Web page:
In many cooperatively breeding birds and mammals, group size is positively correlated with reproductive success. In marmoset and tamarin monkeys, species that display cooperative breeding, the presence of helpers appears to be critical for offspring survival, and breeders might be expected to display social strategies that would regulate group size. This study investigated the association between group size and aggression towards strangers in Wied's black tufted-ear marmosets, Callithrix kuhli, from small groups (with no helpers present) and large groups (with helpers present). Residents were exposed to multiple presentations of male and female strangers. Breeding females from large groups spent more time in close proximity to strangers, showed higher levels of agonistic displays and engaged in higher levels of aggressive behaviour towards intruders than did breeding females from small groups. Breeding male behaviour did not dramatically differ as a function of group size. After the removal of the intruder, female breeders from large groups showed higher levels of scent-marking relative to baseline observations, and time spent in close proximity to the partner increased after exposure to female intruders in large, but not small, groups. The results reveal that breeders from small groups are tolerant of strangers, which may facilitate the recruitment of additional group members, whereas breeders from large groups, particularly females, are intolerant of strangers, which may inhibit immigration. These findings have implications for understanding mechanisms that regulate immigration in cooperatively breeding animals, and suggest of how breeders from small groups might reconcile the serious limitation of having few or no helpers.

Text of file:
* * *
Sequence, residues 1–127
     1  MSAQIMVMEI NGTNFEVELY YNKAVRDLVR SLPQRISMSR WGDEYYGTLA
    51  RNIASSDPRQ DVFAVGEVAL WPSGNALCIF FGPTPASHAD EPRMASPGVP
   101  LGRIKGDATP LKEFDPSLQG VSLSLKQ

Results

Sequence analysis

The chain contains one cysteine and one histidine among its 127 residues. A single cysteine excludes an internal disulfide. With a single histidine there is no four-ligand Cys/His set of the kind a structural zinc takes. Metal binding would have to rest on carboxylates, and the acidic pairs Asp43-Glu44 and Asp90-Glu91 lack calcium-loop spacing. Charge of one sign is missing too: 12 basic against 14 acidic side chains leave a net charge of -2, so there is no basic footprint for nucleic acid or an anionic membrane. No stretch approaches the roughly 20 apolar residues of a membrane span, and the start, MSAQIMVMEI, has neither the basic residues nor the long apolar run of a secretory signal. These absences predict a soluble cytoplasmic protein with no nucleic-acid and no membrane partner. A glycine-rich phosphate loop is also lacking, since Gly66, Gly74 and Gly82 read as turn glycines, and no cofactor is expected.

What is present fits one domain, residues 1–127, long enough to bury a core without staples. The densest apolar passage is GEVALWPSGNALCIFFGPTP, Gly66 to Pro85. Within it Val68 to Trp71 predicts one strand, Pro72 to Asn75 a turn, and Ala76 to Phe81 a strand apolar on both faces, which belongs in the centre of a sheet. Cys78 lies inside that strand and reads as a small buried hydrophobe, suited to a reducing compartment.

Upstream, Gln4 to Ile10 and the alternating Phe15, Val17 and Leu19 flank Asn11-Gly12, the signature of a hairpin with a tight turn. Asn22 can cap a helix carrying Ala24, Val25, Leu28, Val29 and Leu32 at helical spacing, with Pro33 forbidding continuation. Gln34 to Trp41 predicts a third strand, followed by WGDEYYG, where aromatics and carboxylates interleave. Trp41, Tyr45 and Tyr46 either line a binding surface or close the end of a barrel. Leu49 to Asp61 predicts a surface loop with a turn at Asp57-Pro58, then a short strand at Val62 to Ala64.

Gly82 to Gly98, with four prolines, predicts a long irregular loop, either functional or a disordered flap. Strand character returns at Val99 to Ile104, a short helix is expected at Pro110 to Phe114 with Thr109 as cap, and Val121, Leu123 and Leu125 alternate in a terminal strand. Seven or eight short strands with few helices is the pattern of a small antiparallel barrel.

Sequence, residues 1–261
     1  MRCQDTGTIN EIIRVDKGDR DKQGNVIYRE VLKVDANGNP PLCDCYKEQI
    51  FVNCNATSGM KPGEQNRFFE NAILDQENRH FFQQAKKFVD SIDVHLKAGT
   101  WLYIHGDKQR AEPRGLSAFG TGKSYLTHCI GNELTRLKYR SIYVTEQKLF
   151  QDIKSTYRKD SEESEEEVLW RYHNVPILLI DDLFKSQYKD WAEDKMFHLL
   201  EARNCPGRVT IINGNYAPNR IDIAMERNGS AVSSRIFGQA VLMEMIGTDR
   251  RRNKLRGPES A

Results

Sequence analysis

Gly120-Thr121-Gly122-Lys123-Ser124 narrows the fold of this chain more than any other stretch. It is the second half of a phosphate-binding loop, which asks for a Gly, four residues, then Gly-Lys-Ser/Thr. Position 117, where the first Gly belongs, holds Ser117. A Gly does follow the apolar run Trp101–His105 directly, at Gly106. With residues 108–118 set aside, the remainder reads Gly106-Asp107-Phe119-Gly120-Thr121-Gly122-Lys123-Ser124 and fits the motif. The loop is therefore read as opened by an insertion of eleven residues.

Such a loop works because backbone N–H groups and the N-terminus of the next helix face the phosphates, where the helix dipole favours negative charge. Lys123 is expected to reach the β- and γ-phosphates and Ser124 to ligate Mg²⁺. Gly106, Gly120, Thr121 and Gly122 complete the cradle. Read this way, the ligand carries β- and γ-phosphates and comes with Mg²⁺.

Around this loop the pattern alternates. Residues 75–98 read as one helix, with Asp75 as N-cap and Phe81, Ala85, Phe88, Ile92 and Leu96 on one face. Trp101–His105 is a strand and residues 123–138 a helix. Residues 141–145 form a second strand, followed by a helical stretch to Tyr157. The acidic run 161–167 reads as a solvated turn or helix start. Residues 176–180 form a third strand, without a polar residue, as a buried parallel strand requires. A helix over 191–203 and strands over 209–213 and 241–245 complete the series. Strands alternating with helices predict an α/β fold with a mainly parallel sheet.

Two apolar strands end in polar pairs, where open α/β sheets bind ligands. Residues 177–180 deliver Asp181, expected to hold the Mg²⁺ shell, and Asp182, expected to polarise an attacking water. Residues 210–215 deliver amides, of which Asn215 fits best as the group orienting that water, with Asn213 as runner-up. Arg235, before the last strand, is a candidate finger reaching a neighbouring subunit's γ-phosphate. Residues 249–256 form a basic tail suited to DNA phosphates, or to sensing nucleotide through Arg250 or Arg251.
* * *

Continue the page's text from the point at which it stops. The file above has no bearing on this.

ASJC Scopus subject areas
- Ecology, Evolution, Behavior and Systematics
- Animal Science and Zoology